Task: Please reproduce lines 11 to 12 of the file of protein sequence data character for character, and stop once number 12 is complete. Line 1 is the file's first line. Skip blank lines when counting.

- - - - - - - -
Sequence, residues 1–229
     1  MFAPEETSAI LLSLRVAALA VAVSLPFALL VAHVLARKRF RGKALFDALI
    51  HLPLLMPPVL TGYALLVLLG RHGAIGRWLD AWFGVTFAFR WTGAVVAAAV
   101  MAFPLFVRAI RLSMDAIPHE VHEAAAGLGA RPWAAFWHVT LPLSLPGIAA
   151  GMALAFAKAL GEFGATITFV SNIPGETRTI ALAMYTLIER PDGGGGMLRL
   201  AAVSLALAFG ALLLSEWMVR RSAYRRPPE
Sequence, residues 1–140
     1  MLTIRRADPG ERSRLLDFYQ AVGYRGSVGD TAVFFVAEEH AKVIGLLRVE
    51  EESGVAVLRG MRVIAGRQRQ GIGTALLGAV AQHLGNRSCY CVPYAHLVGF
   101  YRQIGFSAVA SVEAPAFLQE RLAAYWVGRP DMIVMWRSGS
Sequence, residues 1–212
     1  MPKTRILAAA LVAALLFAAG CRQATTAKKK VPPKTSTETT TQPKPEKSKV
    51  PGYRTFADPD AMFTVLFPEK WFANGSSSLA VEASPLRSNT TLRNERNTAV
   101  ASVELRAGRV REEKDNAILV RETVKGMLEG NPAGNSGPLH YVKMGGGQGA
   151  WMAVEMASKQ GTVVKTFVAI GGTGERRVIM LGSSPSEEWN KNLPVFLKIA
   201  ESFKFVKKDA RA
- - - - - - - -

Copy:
Sequence, residues 1–212
     1  MPKTRILAAA LVAALLFAAG CRQATTAKKK VPPKTSTETT TQPKPEKSKV